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Then it remained low until the eighth session, when it rose steadily until the end of therapy. Testing Limits maintained a constant level until the ninth contact, when it began a steady decline. Aggressive Statements reached a peak in the fourth contact, a slump in the fifth, and a second, though lower, peak in contact seven. After this, it declined steadily. This is because clutter or stuff has a tendency to remind us of past events and reminisce. Another way of looking at it is this: the more space your past takes up, the less you have for new ones. Minimalism helps you get rid of clutter and help you free up more space for new and better experiences. You enjoy the freedom of moving forward unhindered by past events. Less Is More Minimalism (less) allows you to enjoy better things in life (more quality). When you go minimal, you'll be surprised at the amount of money you can get to save money that you can redirect to things that have a greater ability to make your life more meaningful and joyful. Minimalism is arbitrary, and the same goes with what you'll consider to be of higher life quality to you. What's important to you may not be to others and vice versa. But the point being is that minimalism can help you live a much fuller and more meaningful life. So sadness also comes with a hardwired drive to withdraw, keeping us inside (in caves or otherwise) and safe until our strength and full faculties return. There are similarly good reasons for the other emotions, as well, such as anxiety in the face of danger to activate our fight-or-flight response, or guilt as a marker that we've stepped on someone's toes and need to mend that fence (a valuable signal for a socially interdependent species like us). So you see, we're not looking to eradicate our seven big emotions; THE GUILT RADAR Those of you for whom guilt is the default emotion know its sting all too well. Guilt combines the agitation of anxiety with the heavy weight of sadness.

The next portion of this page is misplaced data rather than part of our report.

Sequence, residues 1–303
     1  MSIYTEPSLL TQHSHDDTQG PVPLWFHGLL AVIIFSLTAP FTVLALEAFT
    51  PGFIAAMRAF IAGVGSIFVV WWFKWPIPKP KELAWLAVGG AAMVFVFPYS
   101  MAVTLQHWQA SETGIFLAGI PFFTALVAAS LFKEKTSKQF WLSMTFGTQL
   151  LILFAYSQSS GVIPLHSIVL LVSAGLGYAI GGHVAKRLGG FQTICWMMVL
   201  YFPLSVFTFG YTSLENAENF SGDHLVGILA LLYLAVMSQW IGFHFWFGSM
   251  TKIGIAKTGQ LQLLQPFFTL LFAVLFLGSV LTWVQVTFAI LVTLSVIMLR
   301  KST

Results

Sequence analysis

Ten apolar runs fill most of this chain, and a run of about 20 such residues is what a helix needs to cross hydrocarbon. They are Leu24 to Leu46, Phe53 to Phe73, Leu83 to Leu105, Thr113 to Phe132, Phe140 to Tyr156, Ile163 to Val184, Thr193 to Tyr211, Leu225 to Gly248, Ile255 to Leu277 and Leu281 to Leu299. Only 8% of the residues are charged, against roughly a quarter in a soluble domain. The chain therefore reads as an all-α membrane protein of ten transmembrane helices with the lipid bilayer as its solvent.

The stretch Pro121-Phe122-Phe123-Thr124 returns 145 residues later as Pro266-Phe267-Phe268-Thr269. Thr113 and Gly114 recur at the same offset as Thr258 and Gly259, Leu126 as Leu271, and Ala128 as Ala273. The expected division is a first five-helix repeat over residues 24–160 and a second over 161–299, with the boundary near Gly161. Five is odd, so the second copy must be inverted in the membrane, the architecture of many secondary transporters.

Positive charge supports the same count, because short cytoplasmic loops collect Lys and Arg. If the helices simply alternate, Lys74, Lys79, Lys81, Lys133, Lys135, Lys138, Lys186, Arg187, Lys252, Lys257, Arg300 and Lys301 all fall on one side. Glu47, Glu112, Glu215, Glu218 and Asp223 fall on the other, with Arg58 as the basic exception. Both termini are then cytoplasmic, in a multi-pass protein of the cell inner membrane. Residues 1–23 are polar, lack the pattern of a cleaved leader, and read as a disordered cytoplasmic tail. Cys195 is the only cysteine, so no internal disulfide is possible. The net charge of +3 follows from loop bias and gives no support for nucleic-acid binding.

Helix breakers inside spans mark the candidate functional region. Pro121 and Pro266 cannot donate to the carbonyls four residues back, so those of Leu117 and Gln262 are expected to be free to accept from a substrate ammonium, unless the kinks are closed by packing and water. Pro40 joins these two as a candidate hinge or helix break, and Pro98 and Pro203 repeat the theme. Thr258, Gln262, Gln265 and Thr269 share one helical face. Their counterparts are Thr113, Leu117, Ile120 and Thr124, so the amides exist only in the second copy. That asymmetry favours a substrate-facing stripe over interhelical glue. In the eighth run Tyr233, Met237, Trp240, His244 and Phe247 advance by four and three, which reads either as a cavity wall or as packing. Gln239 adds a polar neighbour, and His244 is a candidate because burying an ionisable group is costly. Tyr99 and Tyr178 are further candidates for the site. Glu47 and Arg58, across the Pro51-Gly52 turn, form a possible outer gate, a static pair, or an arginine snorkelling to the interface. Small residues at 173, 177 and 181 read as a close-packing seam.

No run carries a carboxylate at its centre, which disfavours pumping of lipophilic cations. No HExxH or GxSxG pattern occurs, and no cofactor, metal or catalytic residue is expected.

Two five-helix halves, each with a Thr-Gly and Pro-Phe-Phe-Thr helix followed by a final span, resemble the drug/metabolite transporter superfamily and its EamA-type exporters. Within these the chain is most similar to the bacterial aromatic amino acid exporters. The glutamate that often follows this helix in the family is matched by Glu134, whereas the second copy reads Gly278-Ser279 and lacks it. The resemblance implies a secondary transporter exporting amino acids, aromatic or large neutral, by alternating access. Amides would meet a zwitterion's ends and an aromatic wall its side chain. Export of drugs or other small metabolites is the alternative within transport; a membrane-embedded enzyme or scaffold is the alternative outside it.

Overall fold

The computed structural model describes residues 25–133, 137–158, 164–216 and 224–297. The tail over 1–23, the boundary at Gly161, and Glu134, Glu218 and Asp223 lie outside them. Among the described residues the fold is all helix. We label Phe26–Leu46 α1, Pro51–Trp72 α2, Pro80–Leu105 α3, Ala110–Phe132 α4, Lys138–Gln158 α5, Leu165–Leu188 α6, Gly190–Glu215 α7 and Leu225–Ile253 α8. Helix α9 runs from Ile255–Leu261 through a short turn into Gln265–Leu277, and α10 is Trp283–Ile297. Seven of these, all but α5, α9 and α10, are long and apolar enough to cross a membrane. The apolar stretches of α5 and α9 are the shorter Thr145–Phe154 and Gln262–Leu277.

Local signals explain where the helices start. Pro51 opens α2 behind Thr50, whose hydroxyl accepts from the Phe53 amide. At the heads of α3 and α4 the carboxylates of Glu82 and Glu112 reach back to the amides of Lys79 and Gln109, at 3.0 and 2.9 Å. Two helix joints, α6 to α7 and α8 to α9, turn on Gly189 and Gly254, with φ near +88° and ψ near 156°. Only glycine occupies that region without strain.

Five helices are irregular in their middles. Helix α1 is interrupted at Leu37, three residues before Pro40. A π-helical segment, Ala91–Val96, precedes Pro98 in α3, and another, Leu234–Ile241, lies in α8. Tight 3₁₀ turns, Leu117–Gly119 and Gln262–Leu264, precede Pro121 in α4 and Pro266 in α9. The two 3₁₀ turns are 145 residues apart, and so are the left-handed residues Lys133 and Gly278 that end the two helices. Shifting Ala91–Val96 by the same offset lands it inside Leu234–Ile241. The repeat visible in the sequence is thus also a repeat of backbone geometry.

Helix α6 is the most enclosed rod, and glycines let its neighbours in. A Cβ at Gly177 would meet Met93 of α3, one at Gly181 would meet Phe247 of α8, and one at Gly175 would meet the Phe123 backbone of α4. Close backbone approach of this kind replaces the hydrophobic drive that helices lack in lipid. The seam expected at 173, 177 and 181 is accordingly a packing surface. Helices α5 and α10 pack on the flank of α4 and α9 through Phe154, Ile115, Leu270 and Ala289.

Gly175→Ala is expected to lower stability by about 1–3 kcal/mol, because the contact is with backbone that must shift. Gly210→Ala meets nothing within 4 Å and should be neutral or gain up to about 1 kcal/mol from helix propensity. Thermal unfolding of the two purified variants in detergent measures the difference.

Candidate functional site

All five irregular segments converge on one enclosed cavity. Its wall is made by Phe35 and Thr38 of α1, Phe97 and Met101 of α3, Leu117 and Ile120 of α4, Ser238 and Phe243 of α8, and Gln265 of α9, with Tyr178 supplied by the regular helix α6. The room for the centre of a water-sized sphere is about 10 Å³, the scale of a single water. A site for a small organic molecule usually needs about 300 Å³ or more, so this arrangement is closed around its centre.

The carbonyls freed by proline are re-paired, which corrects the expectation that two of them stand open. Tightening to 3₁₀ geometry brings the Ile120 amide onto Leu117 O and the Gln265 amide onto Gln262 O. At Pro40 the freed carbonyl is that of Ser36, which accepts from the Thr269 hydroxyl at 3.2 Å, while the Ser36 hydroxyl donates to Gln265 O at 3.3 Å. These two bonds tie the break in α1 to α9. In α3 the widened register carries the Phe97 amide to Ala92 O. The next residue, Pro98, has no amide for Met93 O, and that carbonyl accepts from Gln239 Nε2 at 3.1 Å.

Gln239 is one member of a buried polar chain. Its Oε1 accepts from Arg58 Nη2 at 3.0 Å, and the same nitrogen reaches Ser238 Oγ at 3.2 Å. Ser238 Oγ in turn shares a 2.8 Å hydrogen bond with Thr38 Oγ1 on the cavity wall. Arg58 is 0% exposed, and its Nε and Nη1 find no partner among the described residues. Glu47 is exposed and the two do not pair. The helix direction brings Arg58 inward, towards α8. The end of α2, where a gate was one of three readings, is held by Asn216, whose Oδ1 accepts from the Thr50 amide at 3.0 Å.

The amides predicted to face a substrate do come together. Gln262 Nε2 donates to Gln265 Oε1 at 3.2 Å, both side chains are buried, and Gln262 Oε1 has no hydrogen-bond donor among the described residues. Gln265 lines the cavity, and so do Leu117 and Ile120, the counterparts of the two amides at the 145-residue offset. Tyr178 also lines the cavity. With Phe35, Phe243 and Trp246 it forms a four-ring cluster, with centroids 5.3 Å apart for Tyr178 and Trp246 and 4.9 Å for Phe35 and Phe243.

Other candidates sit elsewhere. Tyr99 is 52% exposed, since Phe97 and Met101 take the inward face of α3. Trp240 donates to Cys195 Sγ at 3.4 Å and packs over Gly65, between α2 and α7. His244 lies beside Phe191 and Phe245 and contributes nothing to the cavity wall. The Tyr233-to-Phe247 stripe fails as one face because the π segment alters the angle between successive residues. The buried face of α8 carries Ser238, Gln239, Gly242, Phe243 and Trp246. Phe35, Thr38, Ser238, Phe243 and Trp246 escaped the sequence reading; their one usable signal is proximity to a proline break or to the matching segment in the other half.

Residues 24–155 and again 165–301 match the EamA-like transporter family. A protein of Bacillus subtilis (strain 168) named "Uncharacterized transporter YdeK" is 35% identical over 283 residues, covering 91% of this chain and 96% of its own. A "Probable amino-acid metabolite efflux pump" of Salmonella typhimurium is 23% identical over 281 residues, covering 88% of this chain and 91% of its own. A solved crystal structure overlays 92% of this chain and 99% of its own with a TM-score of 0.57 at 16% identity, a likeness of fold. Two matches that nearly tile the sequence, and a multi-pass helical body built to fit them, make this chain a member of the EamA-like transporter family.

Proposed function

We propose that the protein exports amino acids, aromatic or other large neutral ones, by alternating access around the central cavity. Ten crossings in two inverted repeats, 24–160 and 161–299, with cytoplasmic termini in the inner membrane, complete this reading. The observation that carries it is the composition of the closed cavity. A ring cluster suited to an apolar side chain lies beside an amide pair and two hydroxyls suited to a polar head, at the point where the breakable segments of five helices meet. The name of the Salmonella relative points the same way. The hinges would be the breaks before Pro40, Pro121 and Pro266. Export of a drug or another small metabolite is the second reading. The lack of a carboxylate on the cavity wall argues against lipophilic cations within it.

The guilt radar is tuned to scan for how and when you've violated the rights of others. Continuing our imagined homecoming scenario, your guilt thought feed would go something like this: You know what, he or she is right. My family deserves better, and I'm letting them down. I should be spending more time at home. Total Number of Statements reached a constant level after the third contact. It should be pointed out that these results were obtained by averaging data from all six cases. Inspection of the individual case graphs showed considerable variation, which may cast doubt upon the averaged results in some instances. Among the categories which showed no trends during therapy were: Positive Statements About the Self; Negative Statements About the Self; Positive Statements About the Family, Home, Situation, etc; Perhaps the contradiction is partly due to an inherent weakness in this study: its restriction to the child's verbalizations. As Landisberg and Snyder (108) found that increased expression of feeling was significantly related to the action rather than to the verbal responses, it appears necessary for future research to consider this factor. Studies of the Outcomes of Play Therapy Other studies of play therapy have been concerned with its outcomes, rather than with the process itself. Practicality One of minimalism's most obvious benefits is spending less. Because you need fewer things, you need less money. If you're able to maintain your earning power, then you can actually get to save money and become even more financially independent. Contrary to most people's belief that more money is the only key to financial independence, frugality or practicality is the other half - it may even be the more important one. When you look at celebrities that have gone bankrupt, it's clear that more money isn't necessarily the answer to financial independence.